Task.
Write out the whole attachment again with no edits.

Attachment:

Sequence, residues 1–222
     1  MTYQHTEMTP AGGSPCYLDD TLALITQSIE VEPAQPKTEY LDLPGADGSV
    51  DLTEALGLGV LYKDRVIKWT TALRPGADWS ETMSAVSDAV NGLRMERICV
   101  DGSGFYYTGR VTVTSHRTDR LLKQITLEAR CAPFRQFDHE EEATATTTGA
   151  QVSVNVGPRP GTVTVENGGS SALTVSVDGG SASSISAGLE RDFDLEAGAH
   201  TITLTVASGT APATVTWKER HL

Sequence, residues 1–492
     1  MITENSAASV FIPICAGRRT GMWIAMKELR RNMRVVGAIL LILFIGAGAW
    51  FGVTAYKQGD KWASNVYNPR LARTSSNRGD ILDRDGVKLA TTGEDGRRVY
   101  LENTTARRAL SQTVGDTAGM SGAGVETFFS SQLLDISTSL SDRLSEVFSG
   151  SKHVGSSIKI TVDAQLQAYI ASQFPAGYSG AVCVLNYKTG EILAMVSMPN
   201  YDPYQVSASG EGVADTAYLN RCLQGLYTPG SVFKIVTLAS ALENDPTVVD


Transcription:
Sequence, residues 1–222
     1  MTYQHTEMTP AGGSPCYLDD TLALITQSIE VEPAQPKTEY LDLPGADGSV
    51  DLTEALGLGV LYKDRVIKWT TALRPGADWS ETMSAVSDAV NGLRMERICV
   101  DGSGFYYTGR VTVTSHRTDR LLKQITLEAR CAPFRQFDHE EEATATTTGA
   151  QVSVNVGPRP GTVTVENGGS SALTVSVDGG SASSISAGLE RDFDLEAGAH
   201  TITLTVASGT APATVTWKER HL

Sequence, residues 1–492
     1  MITENSAASV FIPICAGRRT GMWIAMKELR RNMRVVGAIL LILFIGAGAW
    51  FGVTAYKQGD KWASNVYNPR LARTSSNRGD ILDRDGVKLA TTGEDGRRVY
   101  LENTTARRAL SQTVGDTAGM SGAGVETFFS SQLLDISTSL SDRLSEVFSG
   151  SKHVGSSIKI TVDAQLQAYI ASQFPAGYSG AVCVLNYKTG EILAMVSMPN
   201  YDPYQVSASG EGVADTAYLN RCLQGLYTPG SVFKIVTLAS ALENDPTVVD